“The matter is quite simple. The Bible is very easy to understand. But we Christians are a bunch of scheming swindlers. We pretend to be unable to understand it because we know very well that the minute we understand we are obliged to act accordingly. Take any words in the New Testament and forget everything except pledging yourself to act accordingly. My God, you will say, if I do that my whole life will be ruined. How would I ever get on in this world? Herein lies the real place of Christian scholarship. Christian scholarship is the Church’s prodigious invention to defend itself against the Bible, to ensure that we can continue to be good Christians without the Bible coming too close. Oh, priceless scholarship, what would we do without you? Dreadful it is to fall into the hands of the living God. Yes, it is even dreadful to be alone with the New Testament.
I open the New Testament and read: ‘If you want to be perfect, then sell all your goods and give to the poor and come follow me.’ Good God, if we were to actually do this, all the capitalists, the officeholders, and the entrepreneurs, the whole society in fact, would be almost beggars! We would be sunk if it were not for Christian scholarship! Praise be to everyone who works to consolidate the reputation of Christian scholarship, which helps to restrain the New Testament, this confounded book which would one, two, three, run us all down if it got loose (that is, if Christian scholarship did not restrain it).”
-From Kierkegaard’s Journals
Joel sent the quote with an exhortation: “Make it not so, my friend.”
Make it not so
I know what Kierkegaard is getting at. His indictment is leveled against that pernicious temptation all Bible interpreters face at some point: the temptation to blunt the blade of the Spirit’s verbal sword, to dull the sting of Scripture’s most confrontational demands. The temptation is to use sophisticated hermeneutical skills to explain away the bracing demands of the Gospel when they cut with a serrated edge into our daily grind and into our value system.
I remember the final day of a course I took with Kavin Rowe at Duke. We had just finished an entire semester of working through the Greek of Luke’s Gospel. Week after week we slogged through an ancient narrative whose main protagonist—Jesus of Nazareth—seemed intent on turning our world upside down. Week after week the divine concern for the poor, for justice, and for sacrificial loyalty were thrust into our Western faces. The Christ whose life pierced the soul of his mother pierced ours during every class session. Kavin lectured very little, assigning the role of classroom discussion to us grad students in a seminar-style of pedagogy.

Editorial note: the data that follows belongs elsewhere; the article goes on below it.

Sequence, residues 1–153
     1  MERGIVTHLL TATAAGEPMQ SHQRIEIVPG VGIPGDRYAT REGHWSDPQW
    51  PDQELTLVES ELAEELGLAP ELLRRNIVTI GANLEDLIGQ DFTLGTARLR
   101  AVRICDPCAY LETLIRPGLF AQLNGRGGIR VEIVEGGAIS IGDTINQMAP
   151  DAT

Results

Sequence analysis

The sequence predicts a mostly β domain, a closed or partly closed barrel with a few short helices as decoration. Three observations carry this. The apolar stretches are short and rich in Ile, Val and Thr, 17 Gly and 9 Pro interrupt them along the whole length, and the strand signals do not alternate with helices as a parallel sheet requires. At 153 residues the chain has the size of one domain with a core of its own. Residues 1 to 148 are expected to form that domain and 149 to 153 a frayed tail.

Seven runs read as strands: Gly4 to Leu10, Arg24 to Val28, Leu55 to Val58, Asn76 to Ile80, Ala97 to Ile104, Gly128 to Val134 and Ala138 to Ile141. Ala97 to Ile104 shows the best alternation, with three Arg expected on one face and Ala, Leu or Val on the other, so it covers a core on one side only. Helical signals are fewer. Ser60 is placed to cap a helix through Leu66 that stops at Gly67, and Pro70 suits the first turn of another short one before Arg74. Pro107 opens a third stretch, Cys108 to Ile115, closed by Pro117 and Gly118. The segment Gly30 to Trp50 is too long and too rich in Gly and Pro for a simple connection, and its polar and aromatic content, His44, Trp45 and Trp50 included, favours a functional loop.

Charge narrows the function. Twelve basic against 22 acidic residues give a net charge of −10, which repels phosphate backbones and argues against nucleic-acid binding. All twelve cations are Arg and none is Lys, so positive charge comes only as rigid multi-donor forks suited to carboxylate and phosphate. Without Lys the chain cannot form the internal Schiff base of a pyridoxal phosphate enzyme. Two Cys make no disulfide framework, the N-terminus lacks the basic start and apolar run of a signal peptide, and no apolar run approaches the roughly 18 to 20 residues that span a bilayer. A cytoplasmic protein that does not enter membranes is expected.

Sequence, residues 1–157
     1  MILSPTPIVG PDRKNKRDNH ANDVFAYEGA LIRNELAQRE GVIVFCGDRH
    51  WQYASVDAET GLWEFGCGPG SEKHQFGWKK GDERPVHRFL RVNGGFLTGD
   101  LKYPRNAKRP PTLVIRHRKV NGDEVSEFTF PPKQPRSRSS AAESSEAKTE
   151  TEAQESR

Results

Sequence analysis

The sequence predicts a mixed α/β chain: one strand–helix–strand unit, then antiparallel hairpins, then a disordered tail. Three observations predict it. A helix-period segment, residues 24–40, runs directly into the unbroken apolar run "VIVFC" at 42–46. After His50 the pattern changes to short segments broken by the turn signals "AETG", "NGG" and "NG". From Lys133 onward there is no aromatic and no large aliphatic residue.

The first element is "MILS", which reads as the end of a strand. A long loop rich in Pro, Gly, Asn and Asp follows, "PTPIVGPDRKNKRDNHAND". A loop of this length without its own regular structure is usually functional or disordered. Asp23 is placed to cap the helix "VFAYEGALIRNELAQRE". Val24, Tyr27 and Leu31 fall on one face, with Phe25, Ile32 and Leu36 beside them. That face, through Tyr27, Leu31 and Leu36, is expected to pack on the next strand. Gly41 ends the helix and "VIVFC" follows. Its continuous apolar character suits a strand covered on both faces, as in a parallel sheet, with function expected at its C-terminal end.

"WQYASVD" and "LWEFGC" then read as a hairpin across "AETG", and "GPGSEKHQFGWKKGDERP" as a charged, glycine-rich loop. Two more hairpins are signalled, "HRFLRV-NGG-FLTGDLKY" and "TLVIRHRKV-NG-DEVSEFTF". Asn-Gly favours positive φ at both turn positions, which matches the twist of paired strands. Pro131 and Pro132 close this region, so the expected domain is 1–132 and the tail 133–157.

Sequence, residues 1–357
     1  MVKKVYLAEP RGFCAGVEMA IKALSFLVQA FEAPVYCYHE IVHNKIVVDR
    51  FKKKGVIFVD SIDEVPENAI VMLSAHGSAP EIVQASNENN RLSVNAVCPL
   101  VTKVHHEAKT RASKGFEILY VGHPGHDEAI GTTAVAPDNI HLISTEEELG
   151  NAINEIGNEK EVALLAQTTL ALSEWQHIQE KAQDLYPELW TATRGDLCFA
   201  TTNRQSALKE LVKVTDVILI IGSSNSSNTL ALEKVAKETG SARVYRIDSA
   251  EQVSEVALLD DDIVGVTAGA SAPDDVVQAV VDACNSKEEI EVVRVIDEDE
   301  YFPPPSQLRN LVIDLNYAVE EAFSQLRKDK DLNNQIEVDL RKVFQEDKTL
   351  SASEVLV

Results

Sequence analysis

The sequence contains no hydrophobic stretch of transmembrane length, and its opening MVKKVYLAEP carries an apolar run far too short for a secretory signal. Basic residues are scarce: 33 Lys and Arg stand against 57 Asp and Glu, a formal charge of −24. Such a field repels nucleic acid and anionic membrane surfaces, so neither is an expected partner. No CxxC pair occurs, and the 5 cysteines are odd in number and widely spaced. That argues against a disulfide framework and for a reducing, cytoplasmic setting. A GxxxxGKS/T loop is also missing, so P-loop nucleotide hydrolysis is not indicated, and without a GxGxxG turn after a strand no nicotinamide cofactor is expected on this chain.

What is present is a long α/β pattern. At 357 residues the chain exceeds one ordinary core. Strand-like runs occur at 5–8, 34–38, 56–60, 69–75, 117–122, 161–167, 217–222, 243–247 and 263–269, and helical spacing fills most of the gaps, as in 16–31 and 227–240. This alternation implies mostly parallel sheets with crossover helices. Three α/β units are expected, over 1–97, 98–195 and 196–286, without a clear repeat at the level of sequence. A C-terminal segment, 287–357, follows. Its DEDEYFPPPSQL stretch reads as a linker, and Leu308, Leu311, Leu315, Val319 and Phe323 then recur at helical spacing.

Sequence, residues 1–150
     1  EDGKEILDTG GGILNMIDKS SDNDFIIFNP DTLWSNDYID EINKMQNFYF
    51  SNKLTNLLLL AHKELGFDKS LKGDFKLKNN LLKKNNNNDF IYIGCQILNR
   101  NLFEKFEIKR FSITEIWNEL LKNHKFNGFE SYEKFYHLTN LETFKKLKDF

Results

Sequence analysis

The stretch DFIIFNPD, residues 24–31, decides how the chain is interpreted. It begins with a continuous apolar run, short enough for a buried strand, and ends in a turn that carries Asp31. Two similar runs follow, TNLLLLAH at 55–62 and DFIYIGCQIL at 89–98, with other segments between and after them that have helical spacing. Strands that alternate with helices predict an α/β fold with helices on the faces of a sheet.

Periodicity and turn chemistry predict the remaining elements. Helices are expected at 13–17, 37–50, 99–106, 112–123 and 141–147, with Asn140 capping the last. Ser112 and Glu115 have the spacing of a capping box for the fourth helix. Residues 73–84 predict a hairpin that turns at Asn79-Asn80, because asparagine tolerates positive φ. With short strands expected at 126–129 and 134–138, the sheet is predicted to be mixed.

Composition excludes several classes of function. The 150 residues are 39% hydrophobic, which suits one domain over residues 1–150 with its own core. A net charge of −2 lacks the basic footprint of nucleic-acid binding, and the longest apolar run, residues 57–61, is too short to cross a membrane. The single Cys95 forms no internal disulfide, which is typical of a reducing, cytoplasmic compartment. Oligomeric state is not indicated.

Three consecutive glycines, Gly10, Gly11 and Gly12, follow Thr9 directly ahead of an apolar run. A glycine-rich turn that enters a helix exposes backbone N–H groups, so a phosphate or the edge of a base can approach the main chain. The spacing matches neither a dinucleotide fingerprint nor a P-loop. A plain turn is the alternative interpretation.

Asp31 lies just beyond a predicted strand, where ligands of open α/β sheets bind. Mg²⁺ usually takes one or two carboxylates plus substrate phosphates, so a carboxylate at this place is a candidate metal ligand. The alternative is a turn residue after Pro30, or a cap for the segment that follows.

Then the day came for him to deliver a final word, to wrap up our 12-week session of intense discussion in one of the highest institutions of the land, to bring some closure, to seal the disturbing wounds. We sort of wanted him to use his impressive hermeneutical powers to assuage our pricked souls, to bring some relief by the scholarly explanation about the vast differences between our culture and Luke’s, our contemporary context and the sociopolitical realm of the Hellenized Near East.
In fact, someone actually asked him outright something like, “How can we live as privileged Westerners in the light of this text?”
Kierkegaard would have been proud of the response.
The rising Lukan scholar provided no relief whatsoever. There was no closure. There was no soothing synopsis ringing convincingly with the explanatory power of erudite study. He just redirected us back to the open text, that brutalizing and beautiful Gospel of an Christ who suffers, dies, and beckons his impoverished followers to do the same.
That moment was an example of New Testament scholarship at its best. The text was not explained away. To be honest, Kavin did not offer much explanation about anything, and he certainly did not pretend that he himself had mastered the text theologically, professionally, or personally. He did not “defend” us “against the Bible,” to borrow from Kierkegaard’s satire above. Kavin placed us in the “dreadful” situation of having to engage the text and its implicit desire to, as Erich Auerbach would put it, exert a conceptual tyranny over our ways of thinking and over our means getting on in this world.
Sometimes New Testament scholarship is dangerous in a bad way. But sometimes, it is dangerous in a good way. And that is “priceless scholarship.”